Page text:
Charles Follen McKim is one of the most celebrated American architects of the late nineteenth century. Along with William Rutherford Mead and Stanford White, he provided the architectural expertise as a member of the partnership McKim, Mead & White.
McKim was born in Chester County, Pennsylvania to Presbyterian minister and abolitionist James Miller McKim (1810-1874) and Sarah Speakman McKim. After attending Harvard University, McKim studied architecture at the École des Beaux-Arts (“School of Fine Arts”) in Paris from 1867-1870. Upon his return to America, he was employed as a draftsman in the office of Gambrill and Richardson in New York City and fell under the influence of his mentor, architect Henry Hobson Richardson (1838-1886), while the latter was completing Trinity Church in Boston.
In 1879, McKim formed his own firm in partnership with William Rutherford Mead (1846-1928) and Stanford White (1853-1906) and together established the most successful and influential architectural practice of its time. In the early years of their practice, the firm specialized in the design of informal summer homes for the wealthy, clustered in the areas of Long Island, the New Jersey shore, and Newport, Rhode Island.
In later years, McKim became a major proponent of classical architecture in the tradition of the Italian Renaissance. Among the celebrated examples of this era (sometimes referred to as the American Renaissance), are the Boston Public Library (1887), the Columbia University library (1893), the University Club (1899), the Morgan Library (1899), and Pennsylvania Station (1904-1910; demolished). Many of their residential projects for the American millionaires during this time are also based on classical concepts.
With Daniel Burnham (1846-1912) and Richard Morris Hunt (1827-1895), McKim oversaw the building program of the World’s Columbian Exposition at Chicago in 1893. The impact would establish a neo-classical revival and have a profound effect on architecture across America for decades to follow.
McKim suffered from depression as early as 1878. His personal life was plagued with a series unpleasant and tragic circumstances. McKim first married Annie Bigelow in 1874. Four years later, she divorced him, alleging “unnatural acts” according to biographer Mosette Broderick who surmises this might have been an allusion to homosexuality. Annie obtained sole custody of their daughter and changed the girl’s last name. McKim did not see his daughter again for nearly two decades. McKim later married Julia Amory Appleton in 1885. Julia, and McKim’s child with her, died a year and a half later. But some measure of happiness came in 1899 when he was reunited with his daughter, and he received two important commissions—the monumental Pennsylvania Station (completed in 1910), and an architectural gem, the Morgan Library (completed in 1906).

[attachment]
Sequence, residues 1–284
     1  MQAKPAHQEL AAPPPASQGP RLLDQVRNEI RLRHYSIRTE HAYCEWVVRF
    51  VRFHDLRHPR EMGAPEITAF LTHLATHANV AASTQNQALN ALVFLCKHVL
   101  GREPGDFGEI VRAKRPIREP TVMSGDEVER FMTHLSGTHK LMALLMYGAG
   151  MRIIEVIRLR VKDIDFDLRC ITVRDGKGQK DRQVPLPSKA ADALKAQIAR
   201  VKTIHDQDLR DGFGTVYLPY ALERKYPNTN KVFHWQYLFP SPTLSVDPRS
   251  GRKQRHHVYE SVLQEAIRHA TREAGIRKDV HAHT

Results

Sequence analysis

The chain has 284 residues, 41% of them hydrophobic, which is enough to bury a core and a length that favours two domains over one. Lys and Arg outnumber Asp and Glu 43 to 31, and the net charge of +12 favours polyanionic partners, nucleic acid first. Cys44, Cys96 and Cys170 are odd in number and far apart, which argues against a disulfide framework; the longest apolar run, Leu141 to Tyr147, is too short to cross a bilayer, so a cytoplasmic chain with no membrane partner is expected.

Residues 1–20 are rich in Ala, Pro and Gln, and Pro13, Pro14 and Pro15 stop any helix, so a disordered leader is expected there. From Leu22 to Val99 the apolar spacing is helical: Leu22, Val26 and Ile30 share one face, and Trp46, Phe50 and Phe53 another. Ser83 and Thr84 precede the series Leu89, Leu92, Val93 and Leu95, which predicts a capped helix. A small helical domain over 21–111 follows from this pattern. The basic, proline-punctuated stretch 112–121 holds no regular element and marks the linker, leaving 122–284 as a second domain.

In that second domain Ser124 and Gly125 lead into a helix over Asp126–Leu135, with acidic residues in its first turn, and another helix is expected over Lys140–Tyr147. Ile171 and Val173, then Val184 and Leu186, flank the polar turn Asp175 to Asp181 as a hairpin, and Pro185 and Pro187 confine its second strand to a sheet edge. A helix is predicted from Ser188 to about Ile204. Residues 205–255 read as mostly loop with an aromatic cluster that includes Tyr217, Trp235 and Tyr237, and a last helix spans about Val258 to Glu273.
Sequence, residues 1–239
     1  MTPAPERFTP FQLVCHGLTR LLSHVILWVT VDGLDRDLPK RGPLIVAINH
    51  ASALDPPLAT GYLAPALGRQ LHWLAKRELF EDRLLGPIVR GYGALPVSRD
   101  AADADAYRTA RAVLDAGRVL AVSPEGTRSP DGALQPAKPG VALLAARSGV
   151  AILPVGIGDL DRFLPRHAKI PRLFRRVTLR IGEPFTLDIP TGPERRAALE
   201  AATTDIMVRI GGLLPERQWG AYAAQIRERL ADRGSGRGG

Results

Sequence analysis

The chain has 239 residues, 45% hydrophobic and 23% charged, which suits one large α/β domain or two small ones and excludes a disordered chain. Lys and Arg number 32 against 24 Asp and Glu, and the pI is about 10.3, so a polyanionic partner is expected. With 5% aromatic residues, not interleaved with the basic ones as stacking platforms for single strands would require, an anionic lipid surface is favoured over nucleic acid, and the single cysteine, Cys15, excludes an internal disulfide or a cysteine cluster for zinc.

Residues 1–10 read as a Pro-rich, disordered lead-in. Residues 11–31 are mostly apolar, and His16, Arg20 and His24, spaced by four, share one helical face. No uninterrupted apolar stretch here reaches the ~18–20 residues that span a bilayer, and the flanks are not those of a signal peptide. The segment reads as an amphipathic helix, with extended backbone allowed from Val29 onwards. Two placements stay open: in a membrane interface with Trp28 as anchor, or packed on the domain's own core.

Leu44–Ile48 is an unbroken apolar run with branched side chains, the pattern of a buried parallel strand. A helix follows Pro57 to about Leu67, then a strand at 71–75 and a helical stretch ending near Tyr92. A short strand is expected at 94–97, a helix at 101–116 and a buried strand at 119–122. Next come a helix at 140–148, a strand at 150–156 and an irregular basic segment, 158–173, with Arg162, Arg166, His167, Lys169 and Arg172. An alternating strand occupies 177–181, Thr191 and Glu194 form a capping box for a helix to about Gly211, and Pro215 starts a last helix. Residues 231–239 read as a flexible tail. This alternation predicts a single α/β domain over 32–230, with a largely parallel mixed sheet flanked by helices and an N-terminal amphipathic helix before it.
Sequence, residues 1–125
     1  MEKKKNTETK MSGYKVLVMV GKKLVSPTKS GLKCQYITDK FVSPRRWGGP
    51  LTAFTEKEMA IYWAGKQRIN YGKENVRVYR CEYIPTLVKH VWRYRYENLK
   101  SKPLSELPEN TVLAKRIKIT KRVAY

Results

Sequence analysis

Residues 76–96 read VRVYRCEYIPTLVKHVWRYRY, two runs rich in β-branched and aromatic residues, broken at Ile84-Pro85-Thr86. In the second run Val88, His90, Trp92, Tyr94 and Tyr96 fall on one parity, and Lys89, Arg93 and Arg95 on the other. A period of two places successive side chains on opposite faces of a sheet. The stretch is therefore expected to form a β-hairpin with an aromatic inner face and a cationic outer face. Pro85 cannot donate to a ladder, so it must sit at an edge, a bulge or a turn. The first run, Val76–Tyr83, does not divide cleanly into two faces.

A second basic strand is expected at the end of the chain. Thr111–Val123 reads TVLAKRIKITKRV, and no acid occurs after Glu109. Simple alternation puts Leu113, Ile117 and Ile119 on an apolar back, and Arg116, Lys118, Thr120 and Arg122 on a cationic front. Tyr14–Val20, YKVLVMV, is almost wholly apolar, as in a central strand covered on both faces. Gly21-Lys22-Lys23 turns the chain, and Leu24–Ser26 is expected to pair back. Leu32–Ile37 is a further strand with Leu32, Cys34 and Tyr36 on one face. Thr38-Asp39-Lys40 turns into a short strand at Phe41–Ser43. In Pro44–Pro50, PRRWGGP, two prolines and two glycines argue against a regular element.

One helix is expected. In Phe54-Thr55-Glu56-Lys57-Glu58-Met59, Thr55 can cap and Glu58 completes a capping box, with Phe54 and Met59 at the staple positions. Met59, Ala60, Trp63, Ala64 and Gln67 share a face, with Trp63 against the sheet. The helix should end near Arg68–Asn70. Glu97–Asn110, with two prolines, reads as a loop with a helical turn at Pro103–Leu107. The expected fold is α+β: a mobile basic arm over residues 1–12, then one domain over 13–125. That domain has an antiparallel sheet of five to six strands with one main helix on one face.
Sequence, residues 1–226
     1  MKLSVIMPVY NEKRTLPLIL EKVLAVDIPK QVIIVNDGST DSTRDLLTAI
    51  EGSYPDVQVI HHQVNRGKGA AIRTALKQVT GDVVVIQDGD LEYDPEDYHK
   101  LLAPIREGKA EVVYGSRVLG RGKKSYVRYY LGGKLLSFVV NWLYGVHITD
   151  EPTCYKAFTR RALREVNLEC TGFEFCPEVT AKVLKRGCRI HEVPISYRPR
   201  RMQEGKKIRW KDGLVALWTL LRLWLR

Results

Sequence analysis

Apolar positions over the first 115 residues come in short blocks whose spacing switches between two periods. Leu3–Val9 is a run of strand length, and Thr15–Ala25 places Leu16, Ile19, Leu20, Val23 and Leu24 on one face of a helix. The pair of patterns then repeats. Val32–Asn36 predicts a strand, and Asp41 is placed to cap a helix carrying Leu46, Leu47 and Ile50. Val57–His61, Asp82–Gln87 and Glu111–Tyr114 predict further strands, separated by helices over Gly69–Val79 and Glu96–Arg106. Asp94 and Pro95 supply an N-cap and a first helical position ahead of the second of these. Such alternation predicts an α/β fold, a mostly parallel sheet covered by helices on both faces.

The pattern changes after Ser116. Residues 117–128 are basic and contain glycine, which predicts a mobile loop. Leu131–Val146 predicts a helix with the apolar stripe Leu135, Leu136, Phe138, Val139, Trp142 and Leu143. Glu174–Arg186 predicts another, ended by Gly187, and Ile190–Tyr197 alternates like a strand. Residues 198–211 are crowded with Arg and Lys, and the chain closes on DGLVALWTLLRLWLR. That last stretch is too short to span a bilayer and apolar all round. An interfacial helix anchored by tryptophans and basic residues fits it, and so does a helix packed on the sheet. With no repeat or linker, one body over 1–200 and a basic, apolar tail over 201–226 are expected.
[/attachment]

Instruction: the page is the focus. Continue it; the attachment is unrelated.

McKim was a perfectionist, painstakingly committed to classical precedents. His buildings are distinct from the more exuberant examples by his partner Stanford White. McKim’s buildings are marked by dignity and sobriety, committed to the purest forms of classicism. He was a highly persuasive personality, and knew what was aesthetically correct. McKim never argued with his clients, but often got his way through polite persistence.
McKim suffered a breakdown in 1908 and died the next year at age 62.
McKim was a member of the Congressional commission for the improvement of the Washington park system, the New York Art Commission, the Accademia di San Luca, the American Academy in Rome, and the Architectural League. He became a National Academician in 1907.
McKim received numerous awards during his lifetime, including the Medaille d'Or at the 1900 Paris Exposition and a gold medal from Edward VII of the United Kingdom (for his work on the restoration of the White House). He received honorary doctorates from the University of Pennsylvania and Columbia University, an honorary degrees of A.M. from Harvard, and from Bowdoin. He was elected a Fellow of the American Institute of Architects in 1877 (and served as its president), and posthumously received the American Institute of Architects Gold Medal in 1909.